Religions – Changing with the world
The advancements in science and technology have brought the peoples of the world closer to each other. With instantaneous access to information about world events, we are now able to learn about each other’s religions and cultures than we could in the past. Even limited exploring will show that, instead of differences, we have more in common with each other. All major religions advise us to show respect to each other’s way of life, however different the customs and traditions may be. In this sense, religions are uniting forces that try to bring people together. But when religious zealots, upset at critics who question the practices that continue to promote discrimination and social injustice use force and violence against their critics, it not only undermines their religion’s message but also worlds peace and solidarity.
We now live in an age of humanism where critical thinking is preferred over age-old dogma or cultural mythology. In this evolving world, where people are exposed to diverse religions and new thoughts, they would challenge their religion’s established practices when they consider them to be inequitable or conflicting with contemporary social norms. Religions should receive such criticisms with an open mind. If the skeptics have a valid argument, religions should be prepared to take remedial steps. Being receptive to new customs and practices, more so when it is in the collective interests of its people, should not be interpreted as questioning one’s faith. In the long run, constructive steps taken to correct past inequities can only benefit a religion.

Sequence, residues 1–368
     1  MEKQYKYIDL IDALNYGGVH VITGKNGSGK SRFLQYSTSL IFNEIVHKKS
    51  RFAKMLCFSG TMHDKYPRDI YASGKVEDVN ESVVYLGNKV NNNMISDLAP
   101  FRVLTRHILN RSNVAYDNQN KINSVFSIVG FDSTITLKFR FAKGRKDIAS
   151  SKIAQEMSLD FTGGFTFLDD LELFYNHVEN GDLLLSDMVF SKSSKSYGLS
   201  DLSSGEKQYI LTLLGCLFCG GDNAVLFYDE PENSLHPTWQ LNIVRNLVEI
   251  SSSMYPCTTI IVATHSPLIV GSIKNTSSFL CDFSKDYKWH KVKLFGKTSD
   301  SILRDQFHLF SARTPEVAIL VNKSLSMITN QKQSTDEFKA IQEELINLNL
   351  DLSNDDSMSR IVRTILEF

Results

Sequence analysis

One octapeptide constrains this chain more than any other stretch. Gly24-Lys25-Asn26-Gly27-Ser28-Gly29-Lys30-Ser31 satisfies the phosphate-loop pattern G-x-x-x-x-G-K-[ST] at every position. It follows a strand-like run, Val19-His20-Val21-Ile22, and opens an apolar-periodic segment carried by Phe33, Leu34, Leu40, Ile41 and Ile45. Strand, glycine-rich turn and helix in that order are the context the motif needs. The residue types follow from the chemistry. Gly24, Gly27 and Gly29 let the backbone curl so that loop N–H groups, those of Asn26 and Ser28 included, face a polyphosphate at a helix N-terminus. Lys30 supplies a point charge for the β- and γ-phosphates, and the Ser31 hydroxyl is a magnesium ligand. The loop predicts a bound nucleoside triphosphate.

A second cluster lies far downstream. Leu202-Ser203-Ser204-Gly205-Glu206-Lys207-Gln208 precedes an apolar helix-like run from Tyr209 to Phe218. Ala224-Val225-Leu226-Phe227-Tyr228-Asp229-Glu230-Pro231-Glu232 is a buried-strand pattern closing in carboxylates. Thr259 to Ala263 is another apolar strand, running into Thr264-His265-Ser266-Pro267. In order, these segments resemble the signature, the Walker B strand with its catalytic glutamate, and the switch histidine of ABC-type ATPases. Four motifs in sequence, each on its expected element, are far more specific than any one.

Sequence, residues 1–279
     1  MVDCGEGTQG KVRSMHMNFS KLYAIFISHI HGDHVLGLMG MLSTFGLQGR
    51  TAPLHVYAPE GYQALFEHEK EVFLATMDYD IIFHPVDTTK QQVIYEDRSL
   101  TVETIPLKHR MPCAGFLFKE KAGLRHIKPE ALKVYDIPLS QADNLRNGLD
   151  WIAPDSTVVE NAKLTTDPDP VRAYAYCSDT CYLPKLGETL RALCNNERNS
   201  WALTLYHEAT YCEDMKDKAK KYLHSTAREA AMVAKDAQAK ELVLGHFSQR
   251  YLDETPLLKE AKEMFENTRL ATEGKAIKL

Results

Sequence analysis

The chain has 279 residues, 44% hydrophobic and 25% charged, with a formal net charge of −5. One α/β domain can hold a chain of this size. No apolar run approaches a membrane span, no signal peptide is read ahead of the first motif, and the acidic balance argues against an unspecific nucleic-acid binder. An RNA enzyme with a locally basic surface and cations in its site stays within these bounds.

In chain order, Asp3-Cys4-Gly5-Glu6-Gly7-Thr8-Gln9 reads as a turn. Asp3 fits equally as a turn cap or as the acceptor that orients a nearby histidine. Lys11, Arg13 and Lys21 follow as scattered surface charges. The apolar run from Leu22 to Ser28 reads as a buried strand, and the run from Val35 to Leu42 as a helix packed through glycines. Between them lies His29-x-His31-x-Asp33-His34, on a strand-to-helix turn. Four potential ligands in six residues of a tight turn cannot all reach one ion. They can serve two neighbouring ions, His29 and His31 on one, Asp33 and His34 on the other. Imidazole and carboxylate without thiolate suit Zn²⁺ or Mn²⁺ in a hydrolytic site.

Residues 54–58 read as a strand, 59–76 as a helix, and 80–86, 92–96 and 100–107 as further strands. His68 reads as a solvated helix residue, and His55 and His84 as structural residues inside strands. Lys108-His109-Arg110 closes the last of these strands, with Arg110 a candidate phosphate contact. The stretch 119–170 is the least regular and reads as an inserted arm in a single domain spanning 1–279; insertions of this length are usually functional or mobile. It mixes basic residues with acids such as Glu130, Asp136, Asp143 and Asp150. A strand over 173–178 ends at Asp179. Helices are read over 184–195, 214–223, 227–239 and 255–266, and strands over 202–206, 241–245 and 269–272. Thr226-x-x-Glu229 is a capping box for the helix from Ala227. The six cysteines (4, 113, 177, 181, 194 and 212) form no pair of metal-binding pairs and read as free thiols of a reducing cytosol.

Adapting to a changing world and making positive changes to our thinking also extends to religious followers. We have made significant progress in acquiring material wealth and comfort. Yet, they have not translated into contentment and happiness. We seem to be more disillusioned and fragile now than ever. Most religions state that contentment and true happiness arises only when we look inward and live a life of compassion, love, and wisdom. We must, therefore, try and change the axis of our lives and develop greater tolerance and respect for other people, religions and cultures, however different they may look to us. We can no longer afford to live in ignorance of each other. We should understand the common ideals and be prepared to reconcile the differences in a sympathetic spirit. To quote Toynbee, “We must learn to live as a single-family if we are not to destroy ourselves”.
Dr. Ram Sriram